Instead of offering a Ph.D. in business law, many universities offer a joint degree program that awards a Juris Doctor and a Master of Business Administration (J.D./MBA). Similar to a Ph.D., the J.D./MBA is a terminal degree for business law. This joint degree program prepares business professionals for advanced legal and management careers in business operations.
A J.D./MBA program requires 4-6 years of study and awards the joint degree when requirements are met for both disciplines. In most cases, the J.D./MBA joint degree program is a collaboration between a university's law and business schools. To be eligible for a joint J.D./MBA program, students must have a bachelor's degree from an accredited university. Some programs require students to have one year of relevant work experience prior to enrollment.
J.D./MBA in Business Law
J.D./MBA programs are ideal for individuals who want to study business law but who seek a balanced curriculum that also includes business administration principles. Students examine business laws and legal processes and learn to apply legal research to business operations. Because many courses involve legal case studies, coursework is research-intensive. Course topics may include:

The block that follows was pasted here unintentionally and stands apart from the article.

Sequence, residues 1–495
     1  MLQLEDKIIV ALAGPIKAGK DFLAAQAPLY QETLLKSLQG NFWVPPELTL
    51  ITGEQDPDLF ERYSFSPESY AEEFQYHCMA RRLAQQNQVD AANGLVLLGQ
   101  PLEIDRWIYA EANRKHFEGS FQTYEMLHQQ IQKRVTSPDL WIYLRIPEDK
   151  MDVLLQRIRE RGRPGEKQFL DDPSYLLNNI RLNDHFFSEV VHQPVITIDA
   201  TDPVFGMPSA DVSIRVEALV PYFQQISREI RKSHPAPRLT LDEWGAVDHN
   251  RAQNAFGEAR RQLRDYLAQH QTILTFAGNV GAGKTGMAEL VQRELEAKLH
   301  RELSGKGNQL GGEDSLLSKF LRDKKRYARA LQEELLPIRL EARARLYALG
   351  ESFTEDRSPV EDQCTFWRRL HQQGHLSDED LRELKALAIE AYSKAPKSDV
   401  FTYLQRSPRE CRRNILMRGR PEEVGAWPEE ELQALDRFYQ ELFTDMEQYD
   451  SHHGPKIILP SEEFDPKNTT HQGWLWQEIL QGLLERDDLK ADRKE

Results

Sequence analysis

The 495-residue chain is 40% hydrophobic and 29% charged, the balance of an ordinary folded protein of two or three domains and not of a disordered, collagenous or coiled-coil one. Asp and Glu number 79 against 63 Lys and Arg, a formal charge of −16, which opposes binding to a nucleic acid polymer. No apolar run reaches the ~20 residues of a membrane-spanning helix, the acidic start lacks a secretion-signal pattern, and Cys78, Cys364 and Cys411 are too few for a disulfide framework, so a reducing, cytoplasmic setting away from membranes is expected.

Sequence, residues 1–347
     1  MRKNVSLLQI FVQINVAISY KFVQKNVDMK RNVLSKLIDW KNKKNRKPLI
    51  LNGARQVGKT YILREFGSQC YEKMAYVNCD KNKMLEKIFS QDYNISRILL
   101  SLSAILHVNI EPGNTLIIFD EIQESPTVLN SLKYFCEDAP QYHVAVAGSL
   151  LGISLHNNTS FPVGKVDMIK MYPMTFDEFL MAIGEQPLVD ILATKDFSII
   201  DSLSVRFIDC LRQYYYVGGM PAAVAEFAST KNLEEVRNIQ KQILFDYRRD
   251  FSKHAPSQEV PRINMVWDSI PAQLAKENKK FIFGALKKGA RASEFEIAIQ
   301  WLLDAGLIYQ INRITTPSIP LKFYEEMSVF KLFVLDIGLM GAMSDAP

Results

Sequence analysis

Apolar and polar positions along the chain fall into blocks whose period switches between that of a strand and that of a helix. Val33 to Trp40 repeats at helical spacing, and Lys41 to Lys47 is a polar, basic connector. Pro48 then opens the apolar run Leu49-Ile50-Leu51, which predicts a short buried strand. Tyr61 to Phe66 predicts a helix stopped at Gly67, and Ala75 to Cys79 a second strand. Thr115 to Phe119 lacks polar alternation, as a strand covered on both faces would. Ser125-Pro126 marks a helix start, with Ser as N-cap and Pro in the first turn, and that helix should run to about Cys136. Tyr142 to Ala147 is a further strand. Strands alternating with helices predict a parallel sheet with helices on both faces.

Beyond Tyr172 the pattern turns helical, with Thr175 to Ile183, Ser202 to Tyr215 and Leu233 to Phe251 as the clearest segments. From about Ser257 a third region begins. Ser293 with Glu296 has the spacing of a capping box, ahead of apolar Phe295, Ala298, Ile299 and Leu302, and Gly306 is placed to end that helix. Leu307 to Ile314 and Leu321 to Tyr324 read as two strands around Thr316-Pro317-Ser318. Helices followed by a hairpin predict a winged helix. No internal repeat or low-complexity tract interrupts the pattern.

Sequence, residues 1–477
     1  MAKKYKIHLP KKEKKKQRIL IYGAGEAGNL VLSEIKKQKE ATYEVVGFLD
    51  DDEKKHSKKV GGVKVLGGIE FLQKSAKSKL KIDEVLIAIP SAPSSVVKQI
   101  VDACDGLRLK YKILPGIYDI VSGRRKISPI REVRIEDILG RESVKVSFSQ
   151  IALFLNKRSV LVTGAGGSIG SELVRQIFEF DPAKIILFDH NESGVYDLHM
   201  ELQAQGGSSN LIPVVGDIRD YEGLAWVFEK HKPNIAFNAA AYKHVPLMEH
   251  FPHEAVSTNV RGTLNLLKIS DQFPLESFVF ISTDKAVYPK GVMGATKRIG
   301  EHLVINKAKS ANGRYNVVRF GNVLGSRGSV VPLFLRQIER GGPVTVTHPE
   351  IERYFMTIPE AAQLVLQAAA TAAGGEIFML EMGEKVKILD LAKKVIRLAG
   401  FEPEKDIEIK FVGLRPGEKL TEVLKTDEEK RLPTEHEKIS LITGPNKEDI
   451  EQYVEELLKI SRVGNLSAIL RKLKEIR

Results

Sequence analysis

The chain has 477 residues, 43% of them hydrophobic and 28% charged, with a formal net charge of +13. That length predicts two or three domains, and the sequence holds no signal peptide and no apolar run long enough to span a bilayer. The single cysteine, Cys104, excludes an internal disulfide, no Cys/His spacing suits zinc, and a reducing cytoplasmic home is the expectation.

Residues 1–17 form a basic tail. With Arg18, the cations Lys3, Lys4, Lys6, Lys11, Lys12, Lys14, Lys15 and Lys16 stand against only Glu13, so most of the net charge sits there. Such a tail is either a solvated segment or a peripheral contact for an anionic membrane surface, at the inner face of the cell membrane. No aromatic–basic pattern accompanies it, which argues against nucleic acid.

- Advanced economic concepts
- Organizational leadership
- Criminal law
- Civil procedures
- Legislation and regulation
- Legal research and writing
Employment Outlook and Salary Info
With a J.D./MBA, students can pursue business law careers with legal agencies, corporations, nonprofit organizations, business consulting firms, financial institutions, insurance companies and business and trade regulation organizations. The U.S. Bureau of Labor Statistics (BLS) projected a 6% job growth for lawyers from 2014-2024, which is as fast as average for all occupations. The median annual salary for all lawyers was $115,820 as of May 2015.
A J.D./MBA joint program is now more commonly offered instead of Ph.D. programs in business law. But it is also considered a terminal degree that provides students with enough coursework and research in applying legal processes to business operations.